Wednesday, June 13, 2007

City or Town?

Meandering through downtown Albany today, I was debating with myself over the pros and cons of living or constantly surroundings oneself in a city environment versus a rural environment.

With cities, I think I have a love-hate relationship. I love the culture and creativity you'll come across in a city. There's more exposure to art in its various forms: paintings, music, slam poetry, sculptures, graffiti, etc. You run into a lot of people who have both positive and negative influences on you, despite whether you actually talk to them or not. They may anger you as they cut you off and honk their horn, they could yell at you from a street corner and make you feel funny inside, or they could could offer a compliment or greeting from God (by which, all I have experienced lately).

For my job, I have to walk around the city, and as I was walking, I slowly took in my surrounding environment. I smelled the pungant aroma of hamburger wafting from an open door, the strong smell of cigarette smoke from business men and women on a break, the smell of gasoline from a passing car, or the foul scent of garbage surfacing from an unknown area. I heard the clanging of metal on metal from construction workers, the yell of one person to another, the orchestra of cell phones ringing off the hook, car horns screaming at one another, the loud bass of a passing car blaring rap music, and the clock bells ringing from the local court. I see a mess of people, business men in black suits, teenage girls strolling over conversation, policemen dishing out parking tickets, flustered mothers clasping their children by the hand, homeless men loitering the alleys with canes and shopping carts, and mobs of people flocking outside the doors of tall office buildings as they sip on their cigarettes, perhaps dreading their return to the Nth floor. I feel the heat on me, perhaps stronger from the increased amount of cars in pollution in the air, but I can definitely smell the difference between city and rural.

Smell triggers the most memory and calls the strongest reaction in the human brain. Whenever I enter the city, I am conscious of the change in smell. The city air tastes and smells worse than in a local town. For this, I appreciate and enjoy a rural enviornment more. It feels healthier to my body, cleansed, remote, and calm.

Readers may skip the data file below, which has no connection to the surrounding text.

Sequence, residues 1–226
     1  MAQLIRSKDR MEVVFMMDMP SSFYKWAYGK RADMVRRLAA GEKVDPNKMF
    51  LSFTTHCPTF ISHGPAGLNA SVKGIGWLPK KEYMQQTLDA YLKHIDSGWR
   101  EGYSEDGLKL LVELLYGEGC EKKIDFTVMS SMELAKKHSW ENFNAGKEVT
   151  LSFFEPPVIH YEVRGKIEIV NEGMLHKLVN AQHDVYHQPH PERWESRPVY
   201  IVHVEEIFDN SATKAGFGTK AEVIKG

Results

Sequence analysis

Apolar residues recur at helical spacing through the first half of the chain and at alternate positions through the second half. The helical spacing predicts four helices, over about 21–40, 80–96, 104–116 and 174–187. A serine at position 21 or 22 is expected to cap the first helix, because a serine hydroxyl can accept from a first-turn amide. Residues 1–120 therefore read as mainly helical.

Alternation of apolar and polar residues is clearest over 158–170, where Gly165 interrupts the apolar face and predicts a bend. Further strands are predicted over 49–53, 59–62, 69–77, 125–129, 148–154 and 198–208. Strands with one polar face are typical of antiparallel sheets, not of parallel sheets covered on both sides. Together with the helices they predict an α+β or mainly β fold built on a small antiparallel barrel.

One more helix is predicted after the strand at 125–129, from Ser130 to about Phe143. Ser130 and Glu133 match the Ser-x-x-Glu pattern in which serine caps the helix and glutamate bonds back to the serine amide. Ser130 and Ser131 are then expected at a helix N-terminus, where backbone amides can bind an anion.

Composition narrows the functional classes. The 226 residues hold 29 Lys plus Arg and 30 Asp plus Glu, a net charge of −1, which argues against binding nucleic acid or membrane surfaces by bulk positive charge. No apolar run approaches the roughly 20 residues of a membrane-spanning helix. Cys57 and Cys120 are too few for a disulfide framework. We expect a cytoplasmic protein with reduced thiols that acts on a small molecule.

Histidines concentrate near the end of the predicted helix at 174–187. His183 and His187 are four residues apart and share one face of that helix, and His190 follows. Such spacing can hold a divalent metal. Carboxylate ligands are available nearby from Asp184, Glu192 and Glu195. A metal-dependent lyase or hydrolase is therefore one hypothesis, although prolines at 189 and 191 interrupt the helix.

I don't think I'd ever really want to work in the city. The combustion of cars makes me claustraphobic and angrier from increased road rage from fast, rebellious drivers. I would not want to work on a high floor in a tall building. Recently, I watched World Trade Center, and even though I know about the tragedy from living through 2001, the movie actually made me think about what a collapsing building physically looks like. As I stood waiting for the elevator today on the 8th floor, I couldn't help but stare at the ceiling and imagine the plaster begin to crumble as I felt the building shake beneath my feet. That loss of stability must be terrifying. This paragraph is more a sidenote than actual comparison between city and town, because, frankly, tragedies can happen anywhere. I wouldn't base my opinion on something like 9/11.

So, overall, I think that I would stay with rural or town. I love the peace you get from a quiet home, when you can sit on the back porch and listen to the crickets at night or the birds in the afternoon or late morning. I like being able to ride my bike under a mile away and being surrounded by forests or a small stream, away from the noises of everyday life and traffic. I think that my brain can expand its thinking when it is not overwhelmed with external noise and energy; I would rather have fewer neighbors that I knew well or not at all than to be surrounded by many that I'd rather not know in my life. I love the surrounding trees, bushes, flowers, and animals that are in my environment. I wouldn't pass that up to live on a tall floor in an apartment building in the city.

I like going into cities occasionally, but I cannot be in them too long. I wouldn't consider myself a "country girl," more suburbanite who likes to experience both worlds. I can't live without the city, for how else would I travel or experience music festivals, concerts, or art shows? I can't live without the town, for how else would I be able to center my energy into a calm, relaxed state?

I side more with a rural home, but I'll compare my relationship as a vanilla coke: the vanilla is the city, the flavor to the coke which is the base of the drink. Without the city, my life would have no flavor.

2 comments:

Megan Bottle said...

It's good that you can appreciate both environments... I believe that makes you a more versatile and more relatable person. Large cities scare me (I once had a near panic attack in NYC). There's too much noise, too many people, too many weirdos, and too many cars. Cities smell pretty bad too.

Reading your narrative made me wish that I was more comfortable in a city environment. I think of things that I miss out on: the culture, variety, and uniqueness of it all. I'm the type of person who needs space... and water... and fresh air. I need wild animals, butterflies, and flowers. Not to mention quiet.

On the other hand, I'm happy liking the country. I feel that there aren't enough "Bumpkins" left. Farming is decreasing (oddly enough as the demand for milk, fruits, and vegetables is increasing), once hidden forest retreats are now becoming overrun by sattelite dishes, sprinkler systems, and in-ground pools.

Maybe I'm just a traditionalist... maybe I'm shy... maybe I'm just not adaptable... I dont know. I just feel at home among the trees, dirt, and wide-open sky.

Jami said...

I love YOUR narrative Megan.. Well said and I'm right there with you.